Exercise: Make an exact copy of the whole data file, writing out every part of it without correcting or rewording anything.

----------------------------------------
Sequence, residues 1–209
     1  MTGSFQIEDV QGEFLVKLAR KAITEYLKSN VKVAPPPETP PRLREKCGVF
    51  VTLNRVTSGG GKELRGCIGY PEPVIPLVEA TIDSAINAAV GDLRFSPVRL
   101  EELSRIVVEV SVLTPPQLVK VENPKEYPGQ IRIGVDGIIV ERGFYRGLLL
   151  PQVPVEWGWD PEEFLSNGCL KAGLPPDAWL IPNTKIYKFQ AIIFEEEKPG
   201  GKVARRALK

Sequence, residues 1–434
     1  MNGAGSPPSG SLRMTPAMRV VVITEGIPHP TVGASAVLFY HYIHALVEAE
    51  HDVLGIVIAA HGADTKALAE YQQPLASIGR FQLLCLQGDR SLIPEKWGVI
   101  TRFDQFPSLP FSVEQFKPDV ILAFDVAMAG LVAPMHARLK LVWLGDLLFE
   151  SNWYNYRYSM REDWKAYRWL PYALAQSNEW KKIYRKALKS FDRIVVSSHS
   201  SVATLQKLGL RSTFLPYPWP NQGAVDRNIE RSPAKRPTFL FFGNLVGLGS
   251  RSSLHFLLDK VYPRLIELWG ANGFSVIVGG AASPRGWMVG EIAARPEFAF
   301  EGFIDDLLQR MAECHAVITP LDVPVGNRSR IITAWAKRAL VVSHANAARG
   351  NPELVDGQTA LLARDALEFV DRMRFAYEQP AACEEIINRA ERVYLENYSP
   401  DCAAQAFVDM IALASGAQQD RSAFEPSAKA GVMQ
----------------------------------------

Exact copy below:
Sequence, residues 1–209
     1  MTGSFQIEDV QGEFLVKLAR KAITEYLKSN VKVAPPPETP PRLREKCGVF
    51  VTLNRVTSGG GKELRGCIGY PEPVIPLVEA TIDSAINAAV GDLRFSPVRL
   101  EELSRIVVEV SVLTPPQLVK VENPKEYPGQ IRIGVDGIIV ERGFYRGLLL
   151  PQVPVEWGWD PEEFLSNGCL KAGLPPDAWL IPNTKIYKFQ AIIFEEEKPG
   201  GKVARRALK

Sequence, residues 1–434
     1  MNGAGSPPSG SLRMTPAMRV VVITEGIPHP TVGASAVLFY HYIHALVEAE
    51  HDVLGIVIAA HGADTKALAE YQQPLASIGR FQLLCLQGDR SLIPEKWGVI
   101  TRFDQFPSLP FSVEQFKPDV ILAFDVAMAG LVAPMHARLK LVWLGDLLFE
   151  SNWYNYRYSM REDWKAYRWL PYALAQSNEW KKIYRKALKS FDRIVVSSHS
   201  SVATLQKLGL RSTFLPYPWP NQGAVDRNIE RSPAKRPTFL FFGNLVGLGS
   251  RSSLHFLLDK VYPRLIELWG ANGFSVIVGG AASPRGWMVG EIAARPEFAF
   301  EGFIDDLLQR MAECHAVITP LDVPVGNRSR IITAWAKRAL VVSHANAARG
   351  NPELVDGQTA LLARDALEFV DRMRFAYEQP AACEEIINRA ERVYLENYSP
   401  DCAAQAFVDM IALASGAQQD RSAFEPSAKA GVMQ